At 1448, the pilot of the P-3 contacted the tower and stated that he was turning base with wheels down, for touch and go. The controller acknowledged that transmission and instructed the pilot to continue for the left side. Seconds later, Galileo's pilot contacted the controller and stated that he was seven miles south of the air station. The controller acknowledged the transmission from Galileo, and after an exchange with another aircraft, the controller instructed the Galileo to continue for the right side..

At 1449, the pilot of Galileo contacted the tower and stated gear down and locked. The controller replied by informing the pilot of the wind speed and direction, and then without explanation he stated that Galileo was cleared to land 32L. The pilot of Galileo did not question the change in runway clearance, but acknowledged it by stating 32L, thank you. A few moments later the air traffic control transcript contains a transmission that is probably from LT Schwartings P-3, stating touch and go on left side. The tower acknowledged this transmission by instructing the P-3 to continue. At this point the two aircraft began to converge on the left runway approach.

At 1450, the air traffic control transcript contains an unidentified transmission that states "Tower you got that" followed by a second, garbled transmission. The controller replied to these two transmissions by saying "go around, go around, weave". The controller then instructioned all aircraft in the pattern to climb and maintain 1500ft. By that time the P-3 and Galileo had collided and crashed together about one half-mile south of the runway.

At the time of the collision Galileo was apparently above the P-3, descending on a converging path. According to the official Navy investigation, the fuselage at the base of the P-3s vertical fin showed evidence of two tire marks that matched the dual nose tires of Galileo. In addition to that, three pieces of the P-3s fuselage frame were found embedded in the nose wheels of Galileo.

Lost Birds Magazine

Aerial view depicts both aircraft. The Convair 990 tail-section shown here on lower right. Courtesy of NASA via Ian Abbott.

According to eyewitnesses, the P-3 pulled up sharply in the moment before the collision, perhaps in an evasive action. Galileo struck the upper aft fuselage of the P-3 and the two aircraft crashed entangled on the l2th tee of the Sunnyvale Municipal Golf Course. A large fire immediately engulfed the two wrecked aircraft. Although there were people playing golf nearby, miraculously no one on the ground was hurt.

The crash scene quickly became chaotic. The two aircraft crashed just 200 yards from the Bayshore Freeway, and drivers left their cars to scale the fence and rush to the burning wreckage. Golfers, and people from nearby office buildings who had seen the crash also swarmed around the site. The large number of onlookers made access difficult for the crews responding from NAS Moffett Field, California and Sunnyvale. At the time of the crash a group of firemen were watching a demonstration of a jaws of life rescue device at the Mountain View training center. When they saw the crash they loaded the rescue equipment and went to the scene.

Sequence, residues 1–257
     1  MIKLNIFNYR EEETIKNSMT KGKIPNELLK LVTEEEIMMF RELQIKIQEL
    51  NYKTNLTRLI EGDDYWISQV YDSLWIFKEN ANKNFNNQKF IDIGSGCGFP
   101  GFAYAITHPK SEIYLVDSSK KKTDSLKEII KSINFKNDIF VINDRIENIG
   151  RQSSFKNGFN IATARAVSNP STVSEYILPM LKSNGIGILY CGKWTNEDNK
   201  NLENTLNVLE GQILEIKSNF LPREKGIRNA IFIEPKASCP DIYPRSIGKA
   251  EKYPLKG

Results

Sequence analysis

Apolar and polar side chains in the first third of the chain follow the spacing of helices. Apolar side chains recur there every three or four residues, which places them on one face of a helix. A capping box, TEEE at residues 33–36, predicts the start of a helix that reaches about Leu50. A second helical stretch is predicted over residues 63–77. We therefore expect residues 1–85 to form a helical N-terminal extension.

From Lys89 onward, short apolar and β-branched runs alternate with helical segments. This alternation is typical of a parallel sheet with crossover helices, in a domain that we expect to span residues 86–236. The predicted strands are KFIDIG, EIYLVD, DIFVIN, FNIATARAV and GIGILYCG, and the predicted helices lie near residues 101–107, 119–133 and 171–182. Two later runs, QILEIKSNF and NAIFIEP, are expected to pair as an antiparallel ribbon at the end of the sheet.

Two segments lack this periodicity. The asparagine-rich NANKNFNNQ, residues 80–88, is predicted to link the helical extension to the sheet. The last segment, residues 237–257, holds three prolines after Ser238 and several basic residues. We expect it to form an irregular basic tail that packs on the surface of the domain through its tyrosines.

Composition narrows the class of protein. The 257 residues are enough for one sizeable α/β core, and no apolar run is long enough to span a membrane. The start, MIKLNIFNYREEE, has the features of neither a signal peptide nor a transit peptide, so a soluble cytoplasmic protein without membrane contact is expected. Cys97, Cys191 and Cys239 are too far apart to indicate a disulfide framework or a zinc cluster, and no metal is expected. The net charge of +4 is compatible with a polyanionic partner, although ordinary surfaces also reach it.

All of the sixteen men who were killed died in the crash or in the fire that followed it. The one survivor was Petty Officer Third Class Bruce N. Mallibert, who was an observer on the P-3. One of the golfers at the crash scene found Mallibert seriously injured and lying unconscious outside of the wreckage, and mistakenly thought that he was dead. He covered Malliberts body with a parachute, but soon after that a fireman checked Mallibert and discovered that he was still alive. Mallibert was lucky to have survived the crash, but he would escape death a second time minutes later. While the parachute covered him a fire truck drove over him, unaware that he was underneath. Miraculously, the trucks wheels missed Mallibert on both sides. He was taken to a nearby hospital where he remained in critical condition for many days.

This crash renewed calls for the Navy to leave NAS Moffett Field, California, and several local members of Congress called for a halt to flying from Moffett in the days following the crash. While there had been a large number of crashes around the air station when it was a home to fighters and attack aircraft in the 1950s, the safety record of the P-3 operations was excellent. This collision was the first and only crash of a P-3 near the airfield between the early 1960s and 1994 when the Navy decommissioned NAS Moffett Field, California.